28 Critical Reflections: random 8 to 14

Carving is interrelated masses conveying an emotion; a perfect relationship between the mind and the colour, light and weight which is the stone, made by the hand which feels. It must be so essentially sculpture that it can exist in no other way, something completely the right size but which has growth, something still and yet having movement, so very quiet and yet with a real vitality.[7]

My left hand is my thinking hand. The right is only a motor hand. This holds the hammer. The left hand, the thinking hand, must be relaxed, sensitive. The rhythms of thought pass through the fingers and grip of this hand into the stone.[7]

I get alien, extra terrestrial, other- or even non-worldly: something this world could not 'naturally' produce: spacecraft, alien, non-human edifice. And yet I can take the alien view, I can see out the portholes, glimpse the alien view from the exposed innards. Paradoxically, the alien structures, Hepworth's sculptures in her garden, sit wonderfully, Barthesian blissfully well in our 'natural' world. They accentuate what 'just happens to be' as if it were special: which it, of course, is.[4]

The gallery is a lovely bright space, all white-painted wood and high ceilings, with a few stunning pieces, but the garden's the real show-stopper here. It's quite small, but full of amazing and very varied sculptures, placed far enough apart that you can enjoy each one individually, but close enough together that you can get really interesting perspectives of three or four at once.[8]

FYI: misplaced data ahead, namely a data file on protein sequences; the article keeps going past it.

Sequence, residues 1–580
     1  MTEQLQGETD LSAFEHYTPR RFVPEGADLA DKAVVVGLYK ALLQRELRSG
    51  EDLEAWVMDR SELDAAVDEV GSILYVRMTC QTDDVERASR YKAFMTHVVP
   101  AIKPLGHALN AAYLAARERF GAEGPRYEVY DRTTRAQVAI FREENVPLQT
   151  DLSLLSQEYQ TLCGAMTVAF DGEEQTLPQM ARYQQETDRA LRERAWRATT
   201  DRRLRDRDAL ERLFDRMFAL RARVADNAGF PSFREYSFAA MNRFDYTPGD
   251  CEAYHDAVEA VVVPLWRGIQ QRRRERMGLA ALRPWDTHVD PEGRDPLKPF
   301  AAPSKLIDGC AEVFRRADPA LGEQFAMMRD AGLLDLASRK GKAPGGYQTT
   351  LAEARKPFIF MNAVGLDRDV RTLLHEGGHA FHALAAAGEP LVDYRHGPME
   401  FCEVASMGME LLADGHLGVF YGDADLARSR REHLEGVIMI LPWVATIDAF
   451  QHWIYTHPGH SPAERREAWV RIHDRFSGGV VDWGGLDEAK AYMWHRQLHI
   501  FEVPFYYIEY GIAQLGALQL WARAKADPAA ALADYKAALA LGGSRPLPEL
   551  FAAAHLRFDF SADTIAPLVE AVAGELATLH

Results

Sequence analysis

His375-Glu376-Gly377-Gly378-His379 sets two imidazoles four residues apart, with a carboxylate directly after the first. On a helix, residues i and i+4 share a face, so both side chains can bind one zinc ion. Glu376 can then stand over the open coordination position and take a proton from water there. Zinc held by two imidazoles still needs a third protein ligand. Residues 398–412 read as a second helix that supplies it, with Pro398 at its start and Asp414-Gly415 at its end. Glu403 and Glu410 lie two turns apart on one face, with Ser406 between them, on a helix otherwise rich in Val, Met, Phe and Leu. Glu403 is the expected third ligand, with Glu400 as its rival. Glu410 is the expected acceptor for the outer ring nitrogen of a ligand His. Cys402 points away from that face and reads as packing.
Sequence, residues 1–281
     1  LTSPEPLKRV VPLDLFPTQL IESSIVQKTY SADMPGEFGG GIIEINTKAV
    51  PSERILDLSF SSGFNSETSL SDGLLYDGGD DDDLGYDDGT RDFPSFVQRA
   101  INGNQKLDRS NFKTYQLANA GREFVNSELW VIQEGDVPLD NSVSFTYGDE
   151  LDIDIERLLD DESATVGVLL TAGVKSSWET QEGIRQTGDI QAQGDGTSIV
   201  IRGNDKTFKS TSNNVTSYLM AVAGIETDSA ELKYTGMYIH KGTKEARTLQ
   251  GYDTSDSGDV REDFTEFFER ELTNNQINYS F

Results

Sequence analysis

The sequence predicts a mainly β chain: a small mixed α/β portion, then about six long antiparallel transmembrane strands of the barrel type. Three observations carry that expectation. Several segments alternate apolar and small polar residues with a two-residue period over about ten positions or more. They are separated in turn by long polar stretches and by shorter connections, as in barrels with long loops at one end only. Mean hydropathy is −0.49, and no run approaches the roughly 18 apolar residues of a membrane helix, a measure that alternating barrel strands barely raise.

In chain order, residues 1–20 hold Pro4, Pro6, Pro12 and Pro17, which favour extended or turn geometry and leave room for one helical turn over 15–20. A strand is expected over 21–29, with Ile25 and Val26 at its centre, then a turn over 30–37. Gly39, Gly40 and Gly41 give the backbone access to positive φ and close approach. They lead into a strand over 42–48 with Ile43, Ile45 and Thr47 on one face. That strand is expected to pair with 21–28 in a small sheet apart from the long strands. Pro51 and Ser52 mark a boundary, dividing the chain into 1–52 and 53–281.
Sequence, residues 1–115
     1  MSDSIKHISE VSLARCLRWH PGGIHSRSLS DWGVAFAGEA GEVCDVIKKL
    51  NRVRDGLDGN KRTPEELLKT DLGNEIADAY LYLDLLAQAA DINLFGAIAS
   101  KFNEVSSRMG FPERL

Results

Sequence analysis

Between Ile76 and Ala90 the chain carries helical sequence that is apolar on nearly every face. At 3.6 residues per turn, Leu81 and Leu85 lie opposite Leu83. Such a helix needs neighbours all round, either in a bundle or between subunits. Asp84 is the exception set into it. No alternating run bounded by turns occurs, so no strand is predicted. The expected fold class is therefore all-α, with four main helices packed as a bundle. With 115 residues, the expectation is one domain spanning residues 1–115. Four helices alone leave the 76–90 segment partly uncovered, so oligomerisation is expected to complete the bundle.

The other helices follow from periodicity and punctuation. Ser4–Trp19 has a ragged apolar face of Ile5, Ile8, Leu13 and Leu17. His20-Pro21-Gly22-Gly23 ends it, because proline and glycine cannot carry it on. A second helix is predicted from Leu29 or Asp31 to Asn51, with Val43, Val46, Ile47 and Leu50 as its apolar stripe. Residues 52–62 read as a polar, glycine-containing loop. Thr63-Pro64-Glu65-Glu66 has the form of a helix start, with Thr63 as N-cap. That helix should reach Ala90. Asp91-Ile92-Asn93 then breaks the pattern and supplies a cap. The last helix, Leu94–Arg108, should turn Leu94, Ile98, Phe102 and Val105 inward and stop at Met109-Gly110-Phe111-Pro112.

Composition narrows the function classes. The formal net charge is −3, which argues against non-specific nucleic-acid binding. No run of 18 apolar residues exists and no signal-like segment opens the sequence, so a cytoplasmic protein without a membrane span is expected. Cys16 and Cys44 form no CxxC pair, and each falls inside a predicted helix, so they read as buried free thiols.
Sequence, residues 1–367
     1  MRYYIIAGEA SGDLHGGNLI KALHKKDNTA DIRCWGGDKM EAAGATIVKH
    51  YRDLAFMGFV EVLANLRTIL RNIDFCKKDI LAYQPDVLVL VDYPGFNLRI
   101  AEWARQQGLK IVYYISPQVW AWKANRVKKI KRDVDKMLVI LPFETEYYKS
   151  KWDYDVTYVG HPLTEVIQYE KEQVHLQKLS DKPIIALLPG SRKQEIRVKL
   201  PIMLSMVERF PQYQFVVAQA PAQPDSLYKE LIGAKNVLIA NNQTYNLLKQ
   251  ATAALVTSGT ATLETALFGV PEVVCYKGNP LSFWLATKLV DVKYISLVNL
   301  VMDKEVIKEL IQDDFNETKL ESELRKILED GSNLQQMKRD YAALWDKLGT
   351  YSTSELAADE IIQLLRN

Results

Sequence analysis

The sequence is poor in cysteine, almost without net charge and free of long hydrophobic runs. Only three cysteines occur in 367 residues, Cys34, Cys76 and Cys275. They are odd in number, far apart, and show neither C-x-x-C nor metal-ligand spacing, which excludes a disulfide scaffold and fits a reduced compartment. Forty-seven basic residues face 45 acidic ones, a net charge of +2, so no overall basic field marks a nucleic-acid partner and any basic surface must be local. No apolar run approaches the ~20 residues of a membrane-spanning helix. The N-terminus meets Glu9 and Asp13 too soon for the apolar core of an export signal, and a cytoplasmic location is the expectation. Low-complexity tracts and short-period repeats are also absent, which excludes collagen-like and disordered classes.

My left hand is my thinking hand. The right is only a motor hand. This holds the hammer. The left hand, the thinking hand, must be relaxed, sensitive. The rhythms of thought pass through the fingers and grip of this hand into the stone.[7]

What alien/other peoples from other-worldly, past or future cultures would have made such a grouping of monolithic structures out of aluminium, brushed or stainless steel? The alien, the natural, the primitive, the advanced coincide in Hepworth's works and garden.[4]

I get alien, extra terrestrial, other- or even non-worldly: something this world could not 'naturally' produce: spacecraft, alien, non-human edifice. And yet I can take the alien view, I can see out the portholes, glimpse the alien view from the exposed innards. Paradoxically, the alien structures, Hepworth's sculptures in her garden, sit wonderfully, Barthesian blissfully well in our 'natural' world. They accentuate what 'just happens to be' as if it were special: which it, of course, is.[4]

28 Critical Reflections random 15 to 21
Back to Clive's home page

Sources

[1] http://www.neworleanspast.com/art/id62.html

[2] Ken MacLeod, Reflective Surfaces, New Scientist, 2009.

[3] Umberto Eco, A Theory of Semiotics, Indiana University Press, 1979.

[4] Clive Fencott, Reflections on seeing River Form in Barbra Hepworth's garden in St. Ives.

[5] http://www.flickr.com/photos/nigelhomer/316548379/

[6] http://en.wikipedia.org/wiki/Specular_highlight

[7] http://www.barbarahepworth.org.uk/texts/

[8] tripadvisor.co.uk